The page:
Sunday, January 01, 2006

beST book of 2005

My best book of 2005 was written in 1788. "Paul and Virginia" by Bernardin de Saint-Pierre is an old classic out of France that I wish I had known about earlier. Set on the tropical island of Mauritius when it was a French colony, the book abounds with geographic and botanical descriptions, and provides us with a snapshot of the culture and human side of those faraway times. On another level the book is very philosophical. The author was a contemporary of Jean-Jacques Rousseau and shared his view that a return nature was the best cure for a deeply corrupted European civilization. The story illustrates these simple principles beautifully through its sympathetic cast of characters. There is deep sadness and tragedy on these pages but also a redeeming message: happiness is close at hand. Don't let society and manmade entanglements separate you from it.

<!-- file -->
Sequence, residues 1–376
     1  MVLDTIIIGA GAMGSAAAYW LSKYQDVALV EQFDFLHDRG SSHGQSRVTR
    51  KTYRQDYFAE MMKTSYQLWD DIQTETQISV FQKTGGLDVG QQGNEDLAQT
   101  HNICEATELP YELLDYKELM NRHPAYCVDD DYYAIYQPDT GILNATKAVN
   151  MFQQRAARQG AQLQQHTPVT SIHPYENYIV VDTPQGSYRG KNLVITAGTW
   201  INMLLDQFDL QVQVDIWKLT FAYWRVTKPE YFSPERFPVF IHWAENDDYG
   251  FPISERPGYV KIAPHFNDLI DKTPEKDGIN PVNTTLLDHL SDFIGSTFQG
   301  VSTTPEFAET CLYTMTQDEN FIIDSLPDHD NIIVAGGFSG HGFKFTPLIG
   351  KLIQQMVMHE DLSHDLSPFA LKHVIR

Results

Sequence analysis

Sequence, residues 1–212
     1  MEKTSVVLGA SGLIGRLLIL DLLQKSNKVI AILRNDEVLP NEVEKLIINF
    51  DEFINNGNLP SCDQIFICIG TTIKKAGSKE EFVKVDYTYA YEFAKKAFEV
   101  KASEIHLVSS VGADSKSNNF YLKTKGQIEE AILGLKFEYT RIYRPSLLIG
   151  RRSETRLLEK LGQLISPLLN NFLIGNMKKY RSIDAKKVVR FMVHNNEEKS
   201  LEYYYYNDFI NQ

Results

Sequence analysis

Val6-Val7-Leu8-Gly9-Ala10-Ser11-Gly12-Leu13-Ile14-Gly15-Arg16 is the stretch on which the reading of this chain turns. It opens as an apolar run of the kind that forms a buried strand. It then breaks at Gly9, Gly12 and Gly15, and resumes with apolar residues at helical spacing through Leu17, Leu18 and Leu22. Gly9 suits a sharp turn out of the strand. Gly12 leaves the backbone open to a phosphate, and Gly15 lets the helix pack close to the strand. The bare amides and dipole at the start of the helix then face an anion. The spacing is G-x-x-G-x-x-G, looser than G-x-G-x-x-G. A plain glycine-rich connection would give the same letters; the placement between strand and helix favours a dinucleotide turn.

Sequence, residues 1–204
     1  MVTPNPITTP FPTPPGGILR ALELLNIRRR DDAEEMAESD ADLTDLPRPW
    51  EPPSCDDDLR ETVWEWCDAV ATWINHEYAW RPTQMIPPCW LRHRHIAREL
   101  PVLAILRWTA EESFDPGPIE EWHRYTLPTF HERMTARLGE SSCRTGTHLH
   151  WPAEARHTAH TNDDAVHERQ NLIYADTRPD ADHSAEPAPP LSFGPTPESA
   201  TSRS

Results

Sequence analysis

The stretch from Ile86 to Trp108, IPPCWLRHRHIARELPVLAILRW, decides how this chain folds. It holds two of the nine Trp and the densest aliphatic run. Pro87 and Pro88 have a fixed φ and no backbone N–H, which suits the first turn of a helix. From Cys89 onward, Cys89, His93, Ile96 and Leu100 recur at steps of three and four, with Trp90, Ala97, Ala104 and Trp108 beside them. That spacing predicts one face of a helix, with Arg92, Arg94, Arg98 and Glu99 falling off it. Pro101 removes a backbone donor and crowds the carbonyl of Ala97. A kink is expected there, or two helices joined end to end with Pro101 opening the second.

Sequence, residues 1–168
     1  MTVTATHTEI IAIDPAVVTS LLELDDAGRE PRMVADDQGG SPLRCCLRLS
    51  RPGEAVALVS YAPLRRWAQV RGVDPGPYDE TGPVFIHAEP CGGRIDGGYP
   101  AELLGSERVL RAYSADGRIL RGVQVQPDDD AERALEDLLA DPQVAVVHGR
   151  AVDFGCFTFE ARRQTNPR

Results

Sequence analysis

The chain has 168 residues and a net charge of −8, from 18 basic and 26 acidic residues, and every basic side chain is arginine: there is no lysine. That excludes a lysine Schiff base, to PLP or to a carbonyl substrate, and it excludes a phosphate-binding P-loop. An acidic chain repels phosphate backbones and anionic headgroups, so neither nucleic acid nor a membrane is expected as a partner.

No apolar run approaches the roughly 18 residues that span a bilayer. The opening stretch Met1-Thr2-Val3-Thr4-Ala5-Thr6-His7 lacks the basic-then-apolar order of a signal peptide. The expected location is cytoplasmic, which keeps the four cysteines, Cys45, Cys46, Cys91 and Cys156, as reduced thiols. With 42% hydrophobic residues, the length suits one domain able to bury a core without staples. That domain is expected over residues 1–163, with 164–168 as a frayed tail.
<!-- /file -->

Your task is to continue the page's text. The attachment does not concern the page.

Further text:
I was worried that a book so old might seem archaic and disconnected from our contemporary predicament. On the contrary, I read it in both French and English and in both languages the words flowed like honey. It is very close in form and spirit to Jean Rhys' "Wide Sargasso Sea", with the difference of France instead of England and the East Indies instead of the Caribbean. The books share a similar message: choose nature over Europe.


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